Rebooting the 1984 classic Ghostbusters with a female cast in 2016 has caused a lot of controversy. Skeptics have argued that there's no way girl Ghostbusters can live up to the original, in terms of action or comedy. Some have even gone so far as to claim that a reboot will ruin the original AND their childhoods. After seeing the movie, I have to agree with New York Times reviewer Manhola Dargis, who said it best: "Girls Rule. Women Are Funny. Get Over It."
The reboot was laugh-out-loud hilarious and suspenseful enough to have me clutching the armrests (greasy popcorn fingers be damned). But even more importantly, it's sending a message to young girls through it's positive representation of women.
Of the four female main characters, three are scientists. That's fairly revolutionary for a Hollywood that's lacking in representation of women in science, technology, engineering and math (STEM). Only 17 percent of STEM characters are women in family films, even though the real percentage of women in STEM is 24 percent. This discrepancy is not just unrealistic. It's a disservice to young girls who aren't getting the exposure or reinforcement they need to believe that women can be successful in STEM careers. Representation matters. As feminist and activist Sheryl Sandberg put it, "When our films depict strong women in leading roles, we show girls they can become anything they want to be—including a ghostbuster."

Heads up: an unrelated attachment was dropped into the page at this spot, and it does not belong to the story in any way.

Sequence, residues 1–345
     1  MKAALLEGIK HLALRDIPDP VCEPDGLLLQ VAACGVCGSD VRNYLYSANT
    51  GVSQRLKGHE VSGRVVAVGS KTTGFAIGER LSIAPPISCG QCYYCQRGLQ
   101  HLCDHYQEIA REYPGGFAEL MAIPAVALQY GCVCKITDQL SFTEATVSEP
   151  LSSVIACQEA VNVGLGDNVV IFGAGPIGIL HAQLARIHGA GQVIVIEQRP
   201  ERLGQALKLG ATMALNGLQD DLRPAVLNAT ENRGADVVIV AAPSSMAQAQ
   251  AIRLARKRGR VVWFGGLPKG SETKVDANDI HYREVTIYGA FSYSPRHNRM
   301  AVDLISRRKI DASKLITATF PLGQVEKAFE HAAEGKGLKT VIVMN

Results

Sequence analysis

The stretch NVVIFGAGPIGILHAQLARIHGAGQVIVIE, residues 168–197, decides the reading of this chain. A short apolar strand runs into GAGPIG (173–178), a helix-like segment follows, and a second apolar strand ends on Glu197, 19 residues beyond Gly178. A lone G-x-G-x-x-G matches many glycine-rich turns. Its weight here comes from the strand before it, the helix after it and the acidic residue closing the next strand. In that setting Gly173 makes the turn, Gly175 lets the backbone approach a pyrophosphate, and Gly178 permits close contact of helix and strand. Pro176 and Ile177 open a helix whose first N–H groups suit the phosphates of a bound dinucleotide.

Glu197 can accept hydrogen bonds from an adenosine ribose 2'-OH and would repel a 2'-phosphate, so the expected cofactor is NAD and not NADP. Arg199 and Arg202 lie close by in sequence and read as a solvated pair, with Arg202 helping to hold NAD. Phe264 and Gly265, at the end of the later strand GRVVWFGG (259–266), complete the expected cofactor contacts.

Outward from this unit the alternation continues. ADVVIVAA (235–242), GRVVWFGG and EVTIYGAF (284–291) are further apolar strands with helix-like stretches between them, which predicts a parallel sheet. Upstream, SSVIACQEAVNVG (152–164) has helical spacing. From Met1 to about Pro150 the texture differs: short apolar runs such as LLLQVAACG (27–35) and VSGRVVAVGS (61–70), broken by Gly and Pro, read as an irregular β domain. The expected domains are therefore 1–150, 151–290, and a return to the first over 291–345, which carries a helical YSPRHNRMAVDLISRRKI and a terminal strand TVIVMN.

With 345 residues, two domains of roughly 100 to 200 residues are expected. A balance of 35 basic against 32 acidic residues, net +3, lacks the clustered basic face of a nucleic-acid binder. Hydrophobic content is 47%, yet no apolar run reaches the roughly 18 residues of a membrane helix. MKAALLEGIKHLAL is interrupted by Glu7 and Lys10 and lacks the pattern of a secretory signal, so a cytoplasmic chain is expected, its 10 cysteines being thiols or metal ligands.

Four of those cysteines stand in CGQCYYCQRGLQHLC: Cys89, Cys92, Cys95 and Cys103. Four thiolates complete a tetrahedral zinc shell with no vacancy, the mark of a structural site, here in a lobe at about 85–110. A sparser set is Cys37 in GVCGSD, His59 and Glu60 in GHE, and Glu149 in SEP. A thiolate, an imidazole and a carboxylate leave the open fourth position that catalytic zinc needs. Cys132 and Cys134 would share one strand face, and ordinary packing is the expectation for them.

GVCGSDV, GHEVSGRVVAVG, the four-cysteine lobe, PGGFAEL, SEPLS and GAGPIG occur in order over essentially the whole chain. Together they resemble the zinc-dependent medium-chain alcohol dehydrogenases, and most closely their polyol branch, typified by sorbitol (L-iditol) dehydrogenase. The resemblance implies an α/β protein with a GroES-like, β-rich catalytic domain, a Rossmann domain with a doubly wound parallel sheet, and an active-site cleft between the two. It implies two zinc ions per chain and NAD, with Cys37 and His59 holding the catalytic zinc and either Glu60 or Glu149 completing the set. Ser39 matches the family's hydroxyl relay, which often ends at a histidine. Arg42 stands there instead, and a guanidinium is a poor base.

Ghostbusters also gives girls a positive example of female friendship. It's a movie that portrays platonic relationships between women as genuine and important. Instead of the typical jealousy, backstabbing or betrayal that plague female friendships in media, this film gives us women with purpose working together and genuinely caring for one another. The bond between all four of the ghostbusters is one of solidarity, support and loyalty. Abby (Melissa McCarthy) and Erin (Kristen Wiig) reconcile an old fight at the beginning of the film; for the rest of the movie, they have each other's backs. Ghostbusters doesn't need a romantic relationship. Erin diving into an otherworldly portal to rescue Abby and Holtzmann's (Kate McKinnon) brief but touching toast about finding a family has all the heart an audience needs.
Rebooted Ghostbusters isn't a flawless film and it's not the feminist holy grail. Leslie Jones' character Patty dances dangerously close to the Sassy Black Woman trope—and how come the black woman is the only one who's not a scientist? There are valid critiques to be made about the movie. But it's a game-changer in that it portrays women being brilliant, kicking ass and saving the day. Period.